Emma Renold and Jessica Ringrose

Rod Liddle has written an engaging piece in the Sunday Times of 12/12/21 that you can find here. Rod laments the plan in New Zealand to give traditional Maori ways of knowing equal billing with science within the science curriculum of schools and universities. Naturally, Maori folk law and history should be taught in New Zealand’s Schools but not within the science curriculum as an alternative way of knowing that is equal to western science. Rod Liddle worries, and I fear he may be right, that we are entering a ‘de-enlightenment’ that could presage a new dark age.

Rod did not need to look so far from home to find quackery and pseudoscience entering the academic curriculum. You only have to look at the output of the two quackademics in the title. Emma Renold has featured in the blog before here and here, but Jessica Ringrose (Professor of Sociology and Gender at University College, London) is a new entry and I shall be returning to her academic output in future posts. The crazy article below appears in a journal called MAI:Feminism and Visual Culture. It is peer-reviewed, though I can not imagine what sort of reviewers would let this garbage through.

Click here to view the article

Below is the opening paragraph – doesn’t mean much to me either and obscurantist prose like this is designed to hide the banality of the underlying thought processes.

‘PhEmaterialism’ (Feminist Posthuman and New Materialisms in Education) started out as the Twitter hashtag in 2015 for the network conference, Feminist Posthuman New Materialism: Research Methodologies in Education: ‘Capturing Affect’ (Ringrose, Renold, Hickey-Moody & Osgood 2015). However, it rapidly became a concept-making-event; a living, lively ever-expanding human and more-than-human working group, which now brings together a globally dispersed collective of students, researchers, and artists experimenting with how posthuman and new materialism theories form, in-form and reassemble educational research (Ringrose, Warfield & Zarabadi 2018). PhEmaterialism combines feminist posthumanism (Haraway 2008 & 2016; Braidotti 2013; Åsberg & Braidotti 2018) and the new materialisms (Barad 2007; van der Tuin 2016). Its abbreviation foregrounds the entanglement of educational scholars interested in working with new feminist materialist and posthuman ideas and practices. The ‘ph’ is pronounced ‘f’, so that sound and letter formation bring posthuman and feminism together in one expression.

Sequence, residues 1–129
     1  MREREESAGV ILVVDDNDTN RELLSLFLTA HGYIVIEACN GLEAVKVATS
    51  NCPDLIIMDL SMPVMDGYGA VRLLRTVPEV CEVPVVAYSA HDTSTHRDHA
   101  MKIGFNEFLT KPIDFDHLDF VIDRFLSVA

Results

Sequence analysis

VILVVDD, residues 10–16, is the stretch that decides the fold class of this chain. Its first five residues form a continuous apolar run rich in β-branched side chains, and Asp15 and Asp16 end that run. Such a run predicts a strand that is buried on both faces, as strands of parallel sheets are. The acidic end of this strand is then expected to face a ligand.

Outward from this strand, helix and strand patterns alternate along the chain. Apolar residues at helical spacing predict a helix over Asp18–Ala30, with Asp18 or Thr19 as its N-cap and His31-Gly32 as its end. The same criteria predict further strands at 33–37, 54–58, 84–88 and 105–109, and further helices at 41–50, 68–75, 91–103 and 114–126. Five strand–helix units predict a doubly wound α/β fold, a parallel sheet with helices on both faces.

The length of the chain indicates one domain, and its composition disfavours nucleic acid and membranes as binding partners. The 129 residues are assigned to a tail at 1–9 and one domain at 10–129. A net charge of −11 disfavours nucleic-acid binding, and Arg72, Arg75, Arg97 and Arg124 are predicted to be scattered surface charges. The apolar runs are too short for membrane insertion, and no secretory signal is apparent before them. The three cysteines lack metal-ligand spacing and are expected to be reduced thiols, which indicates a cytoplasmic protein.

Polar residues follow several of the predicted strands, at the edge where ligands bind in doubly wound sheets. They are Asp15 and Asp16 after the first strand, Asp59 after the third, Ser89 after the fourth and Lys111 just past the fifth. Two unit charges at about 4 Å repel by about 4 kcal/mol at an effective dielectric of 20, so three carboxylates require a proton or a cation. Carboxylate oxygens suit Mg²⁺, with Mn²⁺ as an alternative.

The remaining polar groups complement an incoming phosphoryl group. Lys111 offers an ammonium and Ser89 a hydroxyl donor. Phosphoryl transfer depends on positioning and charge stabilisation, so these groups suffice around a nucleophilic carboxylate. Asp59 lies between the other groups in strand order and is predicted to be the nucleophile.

It goes on (and on and on) but paragraph 3 is ‘interesting’ –

Educational scholars have seized upon these post-foundational moves to knowing and becoming and the challenges they present for dominant and normative social science research methodologies (Coleman & Ringrose 2013; Taylor & Ivinson, 2013; Taylor & Hughes, 2016; Ringrose, Warfield & Zarabadi 2018). Related to the ‘post-qualitative’ turn (Lather & St. Pierre 2013) in educational research we find yet another reworking and disrupting of the ruins of scientific objectivity and neutrality (MacLure 2011 & 2015; St. Pierre 2013; Gallagher 2018) that radically questions the making and valuing of empirical ‘data’ (Lenz-Taguchi & Palmer 2013; Koro-Ljungberg 2015) by mapping the relationality between human and more-than-human bodies, affects, objects, sounds, discourses, digital and earthy landscapes—as a whole range of im/material forces (Pederson & Pini, 2016, commonworlds.net).

This should make us all very afraid. The authors are calling for ‘another reworking and disrupting of the ruins of scientific objectivity and neutrality, that radically questions the making and valuing of empirical data‘. This is more troubling than what is being proposed in New Zealand where other ways of knowing are to be taught alongside scientific knowledge. This paper is calling for the disruption of scientific objectivity itself. It gets worse, however.

Arts-informed practices, in particular, are engaging and shaking up the research process from design to ‘dissemination’ in novel ways with new affective currencies. PhEmaterialist researchers are becoming much more crafty in making research matter through creative and mobile methodologies that can offer potential new ways of ‘doing something with the something doing’ (Manning & Massumi 2014) via a range of edu-activisms which are mining the politics of matter in educational/community engagement and queer-feminist public pedagogy.

The above paragraph tells us what these authors are really about. Their primary aim is activism, in particular promoting their queer-feminist worldview to young children – call it grooming if you like. Unmooring yourself from inconvenient things like empirical data and accepted research methods makes that activism much easier.